|About the Book|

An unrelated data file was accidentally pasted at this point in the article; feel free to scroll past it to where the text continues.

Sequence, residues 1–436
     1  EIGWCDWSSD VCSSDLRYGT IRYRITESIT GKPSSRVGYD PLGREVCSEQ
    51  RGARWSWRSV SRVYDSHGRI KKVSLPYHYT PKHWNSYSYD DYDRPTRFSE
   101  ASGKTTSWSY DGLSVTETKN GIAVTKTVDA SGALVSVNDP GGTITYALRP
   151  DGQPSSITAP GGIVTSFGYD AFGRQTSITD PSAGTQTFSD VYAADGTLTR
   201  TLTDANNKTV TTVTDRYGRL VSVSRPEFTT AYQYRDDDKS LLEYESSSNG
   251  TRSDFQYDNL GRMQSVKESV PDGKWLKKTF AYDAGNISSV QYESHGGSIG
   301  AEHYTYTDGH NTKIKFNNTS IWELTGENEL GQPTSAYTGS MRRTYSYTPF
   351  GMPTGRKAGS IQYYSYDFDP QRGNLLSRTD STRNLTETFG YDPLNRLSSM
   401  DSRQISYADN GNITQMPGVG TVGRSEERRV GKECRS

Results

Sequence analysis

How does physical, emotional, and sexual abuse shape womens perceptions of their bodies and identities? How are womens psyches affected by the sexual, racial, and cultural denigration that occurs when womens bodies are represented as defective, spoiled, damaged, or dirtied? Embodied Shame skillfully explores these questions in the context of recent writings by North American women, contributing to work in shame theory and to feminist analyses of the intersections of theories of the body, affect, emotions, narrative, and trauma. By examining popular contemporary fictional and nonfictional texts, including Alice Munros Lives of Girls and Women, Dorothy Allisons Bastard Out of Carolina, Toni Morrisons The Bluest Eye, Edwidge Danticats Breath, Eyes, Memory, and Lucy Grealys Autobiography of a Face, J. Brooks Bouson illuminates how deeply entrenched bodily shame continues to operate in contemporary culture, even as we celebrate the supposed freeing of the female body from the social and cultural constraints that have long bound it.